I think my favorite thing to block might be socks. This is pretty silly, since you really don’t have to block socks. (I suppose, technically, you don’t have to block anything, really. But some projects, like lace, you kind of have to block.)
Since socks are worn skin-tight, they look like they’ve been blocked while you’re wearing them. But, if you’re giving someone a pair of socks as a gift (or you’re just making them for yourself), there is nothing prettier than a nicely blocked pair of brand-new hand-knit socks.
And the process couldn’t be easier.
Just soak your finished socks in clean, warm water for 10 or 20 minutes (like usual), and slip them onto your sock blockers and let them dry. (Mine hang dry from the ugly chandelier in my kitchen.) Easy!
What’s that? You haven’t heard of sock blockers? Well, let me tell you about them, because they’re basically magical, especially if you make a lot of socks.
Sock blockers are rigid, sock-shaped frames that will produce professionally-finished and identically-shaped socks every time. They come in lots of sizes and are made with many different kinds of materials (wood, acrylic, and metal are common. Mine are made from wire). You can even make your own, though I think they’re totally worth the 15 or so bucks they cost.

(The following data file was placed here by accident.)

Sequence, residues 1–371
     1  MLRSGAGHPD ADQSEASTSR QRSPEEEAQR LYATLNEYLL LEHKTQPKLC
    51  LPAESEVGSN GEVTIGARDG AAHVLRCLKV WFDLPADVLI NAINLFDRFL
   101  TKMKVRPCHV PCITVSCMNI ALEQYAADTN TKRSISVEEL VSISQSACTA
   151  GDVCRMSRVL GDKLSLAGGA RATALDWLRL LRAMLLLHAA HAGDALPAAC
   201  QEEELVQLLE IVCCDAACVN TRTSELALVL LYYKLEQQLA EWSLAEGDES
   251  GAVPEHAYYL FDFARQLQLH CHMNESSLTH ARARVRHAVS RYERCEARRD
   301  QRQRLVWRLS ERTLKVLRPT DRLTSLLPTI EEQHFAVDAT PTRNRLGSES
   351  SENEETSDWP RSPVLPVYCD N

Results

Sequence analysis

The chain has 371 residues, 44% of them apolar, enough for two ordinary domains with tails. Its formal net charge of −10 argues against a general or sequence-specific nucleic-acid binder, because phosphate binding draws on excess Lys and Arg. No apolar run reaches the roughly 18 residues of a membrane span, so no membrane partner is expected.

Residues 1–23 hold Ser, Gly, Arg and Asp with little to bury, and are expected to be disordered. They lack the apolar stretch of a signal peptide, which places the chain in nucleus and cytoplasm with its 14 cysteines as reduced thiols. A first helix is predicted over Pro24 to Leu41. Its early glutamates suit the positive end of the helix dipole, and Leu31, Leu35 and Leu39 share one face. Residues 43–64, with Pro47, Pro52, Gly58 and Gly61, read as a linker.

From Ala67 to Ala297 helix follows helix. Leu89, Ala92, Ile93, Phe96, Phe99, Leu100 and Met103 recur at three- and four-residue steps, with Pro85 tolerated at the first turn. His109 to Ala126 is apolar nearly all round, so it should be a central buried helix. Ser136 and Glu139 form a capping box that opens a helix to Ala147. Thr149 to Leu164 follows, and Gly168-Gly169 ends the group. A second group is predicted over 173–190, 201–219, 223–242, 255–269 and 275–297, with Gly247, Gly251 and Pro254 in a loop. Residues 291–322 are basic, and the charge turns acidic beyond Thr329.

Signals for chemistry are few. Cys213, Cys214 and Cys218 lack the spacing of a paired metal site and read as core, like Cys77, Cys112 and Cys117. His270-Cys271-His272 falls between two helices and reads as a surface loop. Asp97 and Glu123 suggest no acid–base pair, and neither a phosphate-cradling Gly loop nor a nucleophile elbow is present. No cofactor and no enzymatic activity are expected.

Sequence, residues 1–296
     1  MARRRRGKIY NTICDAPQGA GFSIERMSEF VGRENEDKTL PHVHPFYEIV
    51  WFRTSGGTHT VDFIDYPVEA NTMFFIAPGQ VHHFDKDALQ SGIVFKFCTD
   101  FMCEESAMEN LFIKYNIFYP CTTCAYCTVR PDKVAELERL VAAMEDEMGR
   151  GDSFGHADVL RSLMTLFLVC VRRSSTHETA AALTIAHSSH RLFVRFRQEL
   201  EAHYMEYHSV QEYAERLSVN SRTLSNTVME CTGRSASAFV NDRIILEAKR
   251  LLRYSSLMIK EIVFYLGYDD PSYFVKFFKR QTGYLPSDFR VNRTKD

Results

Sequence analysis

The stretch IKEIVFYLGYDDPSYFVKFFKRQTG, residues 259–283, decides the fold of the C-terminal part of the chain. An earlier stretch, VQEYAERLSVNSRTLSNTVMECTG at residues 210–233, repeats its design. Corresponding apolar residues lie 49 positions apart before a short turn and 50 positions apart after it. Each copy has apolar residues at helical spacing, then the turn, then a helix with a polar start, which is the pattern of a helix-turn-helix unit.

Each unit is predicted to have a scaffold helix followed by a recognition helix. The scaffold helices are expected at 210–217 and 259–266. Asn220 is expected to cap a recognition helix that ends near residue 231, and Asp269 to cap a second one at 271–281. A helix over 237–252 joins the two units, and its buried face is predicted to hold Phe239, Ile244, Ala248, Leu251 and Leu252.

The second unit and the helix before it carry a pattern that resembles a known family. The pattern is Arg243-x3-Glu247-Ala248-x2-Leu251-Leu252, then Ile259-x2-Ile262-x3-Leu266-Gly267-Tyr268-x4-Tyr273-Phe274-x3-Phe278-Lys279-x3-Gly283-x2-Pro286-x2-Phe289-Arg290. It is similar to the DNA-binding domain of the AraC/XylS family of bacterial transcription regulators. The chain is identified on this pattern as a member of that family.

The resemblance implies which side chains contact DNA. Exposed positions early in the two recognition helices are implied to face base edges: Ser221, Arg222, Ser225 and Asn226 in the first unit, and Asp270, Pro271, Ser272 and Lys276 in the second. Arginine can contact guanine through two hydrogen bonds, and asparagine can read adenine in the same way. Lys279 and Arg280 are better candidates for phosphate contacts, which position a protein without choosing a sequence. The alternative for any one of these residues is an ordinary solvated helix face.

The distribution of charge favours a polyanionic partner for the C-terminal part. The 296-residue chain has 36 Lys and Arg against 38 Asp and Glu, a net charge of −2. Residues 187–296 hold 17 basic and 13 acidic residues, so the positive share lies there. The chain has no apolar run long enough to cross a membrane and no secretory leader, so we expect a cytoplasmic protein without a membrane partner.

You’re not convinced? OK, I get that. Why spend money on a unitasker that you’ll only use now and then? If you don’t have sock blockers, and don’t plan on buying them, you can always block with foam and pins, just like normal.
Two things are very important to keep in mind. First: make sure you are blocking both socks to the same dimensions. You wouldn’t believe the number of lopsided pairs of socks I made before I got my sock blockers.
And second: Do your best to avoid puckers and points from your pins. They’re really obvious on socks. To avoid points, I use lots and lots of pins to spread out the tension around the edge of the sock, and I stick the pins in away from the edge.